Welcome, Bill! Though I feel strange welcoming you, since this is my first day as a registered member here. I'd like to solely credit you with my registration, but I was especially tech-motivated in general today due to hearing about Eclipse 3.0 finally being released.
(note: I'm terribly sorry for the length of this post -- feel free to pick-and-choose what you read and respond to; I won't be offended =) )
I've actually been using 2.1.3 exclusively -- I tried switching to a 3.0 stream release (M4, I believe) awhile back, but none of my Ant tasks would work because there was a bug in that Eclipse couldn't read in my property files if there was a space in their filepath, and circumstances at my work prevented me from working around that.
My questions to you, then, have to do with new Eclipse 3.0 features, since I have been a bit out of the loop. Specifically, my questions stem from http://www.idevnews.com/TipsTricks.asp?ID=115
. Until I read that article, I was ignorant of plans for "rich client application development" or "opening up Java tools."
For example, my first passes through the "rich client application" stuff got me horribly excited, as I thought this meant built-in GUI support, preferably SWT -- which I love. This appeals to me since I haven't found a decent SWT GUI plug-in that wasn't rather expensive. Hehe, I'm pretty sure now that I completely misunderstood, but the article linked above, nevertheless, stresses "general application development" with regard to this new feature, and I'm having trouble wrapping my brain around the concept. Maybe I'm getting lost in the buzzwords; I'm wondering if you're familiar with this and could possibly try to summarize it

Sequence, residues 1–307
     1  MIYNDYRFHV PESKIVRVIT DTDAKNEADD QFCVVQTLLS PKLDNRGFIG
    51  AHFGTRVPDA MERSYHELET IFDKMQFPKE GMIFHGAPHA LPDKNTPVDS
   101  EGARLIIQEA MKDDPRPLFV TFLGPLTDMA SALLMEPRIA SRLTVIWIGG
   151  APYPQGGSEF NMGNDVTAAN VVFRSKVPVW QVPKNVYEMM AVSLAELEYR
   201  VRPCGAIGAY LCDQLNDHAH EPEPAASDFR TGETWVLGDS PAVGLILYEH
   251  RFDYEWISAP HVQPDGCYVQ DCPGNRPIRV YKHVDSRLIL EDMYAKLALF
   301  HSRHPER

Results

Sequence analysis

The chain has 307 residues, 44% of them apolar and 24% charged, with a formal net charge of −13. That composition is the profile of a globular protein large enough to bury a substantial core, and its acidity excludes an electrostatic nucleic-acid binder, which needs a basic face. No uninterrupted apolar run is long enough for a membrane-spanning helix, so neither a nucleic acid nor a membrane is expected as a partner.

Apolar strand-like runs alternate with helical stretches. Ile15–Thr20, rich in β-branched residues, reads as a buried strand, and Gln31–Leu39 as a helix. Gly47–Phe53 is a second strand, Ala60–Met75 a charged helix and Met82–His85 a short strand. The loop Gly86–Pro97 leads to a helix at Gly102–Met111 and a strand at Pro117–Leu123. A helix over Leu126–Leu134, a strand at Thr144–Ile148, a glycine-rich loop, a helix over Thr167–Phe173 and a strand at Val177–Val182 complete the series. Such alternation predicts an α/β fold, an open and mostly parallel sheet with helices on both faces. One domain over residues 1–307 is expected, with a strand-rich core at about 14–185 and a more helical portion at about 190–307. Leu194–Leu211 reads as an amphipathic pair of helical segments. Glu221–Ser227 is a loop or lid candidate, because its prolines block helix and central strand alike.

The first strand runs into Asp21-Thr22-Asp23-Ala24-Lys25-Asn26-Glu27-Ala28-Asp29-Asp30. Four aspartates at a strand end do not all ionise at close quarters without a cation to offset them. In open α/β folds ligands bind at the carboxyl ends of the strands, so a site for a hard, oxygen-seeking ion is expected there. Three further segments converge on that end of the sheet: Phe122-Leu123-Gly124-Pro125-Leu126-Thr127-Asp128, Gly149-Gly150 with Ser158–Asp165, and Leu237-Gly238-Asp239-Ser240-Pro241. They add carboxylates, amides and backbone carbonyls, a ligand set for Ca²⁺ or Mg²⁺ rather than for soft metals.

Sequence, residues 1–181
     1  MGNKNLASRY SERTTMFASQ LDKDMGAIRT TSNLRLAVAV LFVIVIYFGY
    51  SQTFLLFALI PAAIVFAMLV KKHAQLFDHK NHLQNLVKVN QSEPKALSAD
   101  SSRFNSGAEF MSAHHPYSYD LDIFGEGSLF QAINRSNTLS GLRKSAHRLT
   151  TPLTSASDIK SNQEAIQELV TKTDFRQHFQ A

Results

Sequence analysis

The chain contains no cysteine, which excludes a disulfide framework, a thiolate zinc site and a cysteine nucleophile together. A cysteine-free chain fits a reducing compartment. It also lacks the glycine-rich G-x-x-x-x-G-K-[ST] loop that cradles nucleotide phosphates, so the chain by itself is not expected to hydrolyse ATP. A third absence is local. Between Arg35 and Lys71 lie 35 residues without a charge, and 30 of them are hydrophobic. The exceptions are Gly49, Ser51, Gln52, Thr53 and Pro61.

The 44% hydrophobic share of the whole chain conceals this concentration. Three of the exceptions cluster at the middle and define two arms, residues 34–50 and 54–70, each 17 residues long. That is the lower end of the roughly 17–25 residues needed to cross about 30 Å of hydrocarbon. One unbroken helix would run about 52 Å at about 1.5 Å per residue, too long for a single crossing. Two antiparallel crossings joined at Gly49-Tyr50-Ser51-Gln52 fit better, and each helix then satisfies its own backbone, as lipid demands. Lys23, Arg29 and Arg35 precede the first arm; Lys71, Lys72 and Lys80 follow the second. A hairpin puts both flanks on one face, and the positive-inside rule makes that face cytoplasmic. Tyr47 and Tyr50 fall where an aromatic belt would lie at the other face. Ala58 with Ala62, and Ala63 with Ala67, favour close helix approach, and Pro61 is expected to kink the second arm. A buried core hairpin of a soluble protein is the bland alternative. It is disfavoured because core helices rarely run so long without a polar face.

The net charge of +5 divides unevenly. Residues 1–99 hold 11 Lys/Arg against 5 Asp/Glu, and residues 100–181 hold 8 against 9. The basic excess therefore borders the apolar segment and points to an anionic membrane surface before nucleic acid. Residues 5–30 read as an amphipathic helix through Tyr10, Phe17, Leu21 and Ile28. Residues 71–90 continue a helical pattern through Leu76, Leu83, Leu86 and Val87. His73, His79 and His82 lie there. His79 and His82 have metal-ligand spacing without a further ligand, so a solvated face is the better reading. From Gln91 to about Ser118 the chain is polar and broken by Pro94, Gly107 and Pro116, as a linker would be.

Similarly, the part on "generalized Java tools" says: "Finally, Eclipse 3.0 will provide support for debugging Java like files e.g. JSPs." Does this mean (which is the other reason I was way over-excited about the upcoming release of 3.0) that Eclipse 3.0 will have Lomboz-like functionality built-in, at least with regard to JSPs, and/or that refactoring will now extend to JSPs? Or did they mean that debugging JSPs, etc., is a possible extension of the new functionality? i.e. it's a possibility when someone writes the code for it?
It's just that I hadn't heard these plans yet and I haven't had time to scour the Eclipse site for which plans were implemented, etc. I'm assuming you've used a very recent release and could spare me a lot of research
The other reason I worry is that, at a glance, the list of chapters in your book seemed like they could also very well have been the list of chapters for an Eclipse 2.1.* book. Is that because your book covers the requisite Eclipse basics, and is simply updated to the Eclipse 3.0 look-and-feel?
Bonus question: How does one approach the business of tech-book writing? Do authors approach the publishers with their ideas as with traditional books? It'd almost make more sense to me that the publishers would publish a list of books they need written. e.g. I can envision Manning recognizing that Hibernate and JavaServerFaces are growing in popularity and potential usefulness, and soliciting authors. But I have no idea -- I'm certainly interested, though.
You have my guilty gratitude if you've read even half of this
At any rate, thanks for being here!